Wednesday, April 1, 2015

100 Days on Jesus’ Sermon Mount (Day 84)

Jesus said, “You will recognize [false prophets] by the fruit they bear. Surely people don’t pick grapes from thornbushes or figs from thistles, do they?”
— Matthew 7:16 (USC)
Previously we have covered the idea that any of us can become one given to propagating Satan’s work — most often vicariously! This is the reason we have to remain vigilant and accountable to wise advisors who have such an accountable reasonableness about them. Heaven help us!
This verse carries on the theme: there are those bad shepherds about who have no concern at all for the sheep of God’s pasture.
The sheep (the Body of Christ — his magnificent Church) are his. They are the Pastor’s sheep — not the pastor’s. This is no subtle difference. There are those who would wantonly carry unknown persons or an entire congregation over the precipice into an idolatrous abyss. And this is how we shall know them...
We will know them by their fruit.
What they bear as their vintage will be the knowing of them. No good shepherd tends their flock for many years, caring for all his or her relations with them, and is not known for his or her care. Their care is their fruit. No good shepherd is unknown. They are being made known by the Lord, and, one day, he will say to them, “Well done, good and faithful servant.” This is a good shepherd’s only delight.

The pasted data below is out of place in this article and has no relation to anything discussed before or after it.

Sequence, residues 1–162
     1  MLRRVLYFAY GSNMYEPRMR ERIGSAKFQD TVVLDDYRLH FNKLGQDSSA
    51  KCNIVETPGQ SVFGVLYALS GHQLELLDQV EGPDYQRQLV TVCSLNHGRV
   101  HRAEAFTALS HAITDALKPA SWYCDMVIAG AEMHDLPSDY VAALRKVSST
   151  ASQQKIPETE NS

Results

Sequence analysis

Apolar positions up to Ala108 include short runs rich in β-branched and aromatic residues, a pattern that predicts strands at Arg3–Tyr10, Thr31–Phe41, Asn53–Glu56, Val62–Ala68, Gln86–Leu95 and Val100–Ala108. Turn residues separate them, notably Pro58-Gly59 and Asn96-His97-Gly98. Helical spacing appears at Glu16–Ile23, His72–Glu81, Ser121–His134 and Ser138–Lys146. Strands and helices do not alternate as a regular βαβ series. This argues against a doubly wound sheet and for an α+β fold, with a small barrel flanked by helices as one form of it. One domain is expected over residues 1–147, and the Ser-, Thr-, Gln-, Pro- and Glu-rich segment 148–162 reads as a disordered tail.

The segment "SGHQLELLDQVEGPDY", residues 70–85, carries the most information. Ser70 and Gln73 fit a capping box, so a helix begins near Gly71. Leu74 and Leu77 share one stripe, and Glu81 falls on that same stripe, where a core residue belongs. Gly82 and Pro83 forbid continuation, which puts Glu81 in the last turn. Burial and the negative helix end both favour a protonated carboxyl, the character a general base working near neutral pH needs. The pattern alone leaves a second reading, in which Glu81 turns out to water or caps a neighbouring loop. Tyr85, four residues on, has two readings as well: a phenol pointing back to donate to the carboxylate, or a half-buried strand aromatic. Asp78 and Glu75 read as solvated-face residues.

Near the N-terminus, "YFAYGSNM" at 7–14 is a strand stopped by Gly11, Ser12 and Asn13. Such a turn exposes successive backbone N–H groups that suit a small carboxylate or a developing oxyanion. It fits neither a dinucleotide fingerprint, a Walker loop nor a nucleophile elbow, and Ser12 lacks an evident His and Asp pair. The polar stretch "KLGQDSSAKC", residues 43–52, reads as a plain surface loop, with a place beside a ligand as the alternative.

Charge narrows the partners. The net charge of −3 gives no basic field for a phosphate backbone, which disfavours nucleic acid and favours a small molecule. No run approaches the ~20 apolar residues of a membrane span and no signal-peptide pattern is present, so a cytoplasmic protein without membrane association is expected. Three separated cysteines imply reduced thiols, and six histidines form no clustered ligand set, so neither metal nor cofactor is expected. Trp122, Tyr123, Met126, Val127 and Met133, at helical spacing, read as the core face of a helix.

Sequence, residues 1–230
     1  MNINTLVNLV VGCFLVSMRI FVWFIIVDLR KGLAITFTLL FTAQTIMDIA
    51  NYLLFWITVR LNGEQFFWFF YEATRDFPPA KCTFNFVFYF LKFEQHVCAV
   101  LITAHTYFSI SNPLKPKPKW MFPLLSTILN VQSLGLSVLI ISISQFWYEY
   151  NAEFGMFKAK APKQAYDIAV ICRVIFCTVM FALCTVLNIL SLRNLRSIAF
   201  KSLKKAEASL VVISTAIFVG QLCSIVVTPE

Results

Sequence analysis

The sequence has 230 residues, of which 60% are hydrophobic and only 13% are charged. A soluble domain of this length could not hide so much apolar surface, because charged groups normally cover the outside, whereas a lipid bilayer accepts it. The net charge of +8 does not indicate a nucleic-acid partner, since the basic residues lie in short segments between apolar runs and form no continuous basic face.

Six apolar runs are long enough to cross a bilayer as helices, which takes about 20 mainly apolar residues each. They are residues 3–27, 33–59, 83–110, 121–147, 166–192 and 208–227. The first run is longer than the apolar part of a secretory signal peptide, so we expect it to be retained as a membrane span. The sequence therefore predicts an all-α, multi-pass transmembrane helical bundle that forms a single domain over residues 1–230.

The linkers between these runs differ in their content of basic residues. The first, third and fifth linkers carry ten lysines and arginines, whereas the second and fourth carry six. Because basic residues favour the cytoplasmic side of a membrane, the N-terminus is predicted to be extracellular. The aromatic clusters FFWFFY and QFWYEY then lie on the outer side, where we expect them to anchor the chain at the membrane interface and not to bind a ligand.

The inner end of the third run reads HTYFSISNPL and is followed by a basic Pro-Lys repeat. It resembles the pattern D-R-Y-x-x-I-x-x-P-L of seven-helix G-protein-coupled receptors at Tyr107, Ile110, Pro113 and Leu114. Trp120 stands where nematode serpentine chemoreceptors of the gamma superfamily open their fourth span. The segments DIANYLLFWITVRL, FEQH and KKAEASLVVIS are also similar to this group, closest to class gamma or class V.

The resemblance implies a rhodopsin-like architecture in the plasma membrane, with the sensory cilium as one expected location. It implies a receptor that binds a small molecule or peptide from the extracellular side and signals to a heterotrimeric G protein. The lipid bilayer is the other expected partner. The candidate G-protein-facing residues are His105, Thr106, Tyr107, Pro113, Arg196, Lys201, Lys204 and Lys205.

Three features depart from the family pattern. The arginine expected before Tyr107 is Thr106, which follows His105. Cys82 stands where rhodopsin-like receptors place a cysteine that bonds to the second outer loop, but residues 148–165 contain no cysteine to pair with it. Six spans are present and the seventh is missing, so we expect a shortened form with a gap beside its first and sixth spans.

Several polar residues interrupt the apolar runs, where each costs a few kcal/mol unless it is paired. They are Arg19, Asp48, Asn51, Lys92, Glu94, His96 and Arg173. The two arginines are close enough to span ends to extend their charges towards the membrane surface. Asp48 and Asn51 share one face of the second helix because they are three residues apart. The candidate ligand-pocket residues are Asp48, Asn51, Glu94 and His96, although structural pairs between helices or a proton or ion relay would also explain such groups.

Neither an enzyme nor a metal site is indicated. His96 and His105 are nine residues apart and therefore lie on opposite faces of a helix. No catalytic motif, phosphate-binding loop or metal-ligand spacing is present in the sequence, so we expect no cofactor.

Likewise, no bad shepherd is unknown, either. He or she are well known — to those they hurt. And they are being made known by the Lord. God will make them known by the odious fruit they produce — works of disguise, deceit, and delinquency. They only get away with their wrongdoing for so long. God is soon bringing their case before the court of human judgment. Their demise is a fait accompli.
What about us? Where do we stand? Again, heaven help us if we are one their number; a bad shepherd. Our goal is to be an eternal enquirer of ourselves — to have God search us to know our innermost persuasions to temptation and wrongdoing (Psalm 139:23-24).
The tasting of the vintage is coming soon everywhere,
The ripening of the fruit — the works of all laid bare,
Good shepherd or bad — time’s coming when all will see,
The good test of time is the only test there’ll be.
1.     Many of us have experienced both good shepherds and bad. What is it about both, for you, that sets them apart so far as their fruit is concerned?
2.     Do you have an issue with a bad shepherd of your past — a ‘false prophet’? How successfully have you been able to lay that at your Saviour’s feet?
© 2015 S. J. Wickham.
Note: USC version is Under the Southern Cross, The New Testament in Australian English (2014). This translation was painstakingly developed by Dr Richard Moore, a NT Greek scholar, over nearly thirty years.

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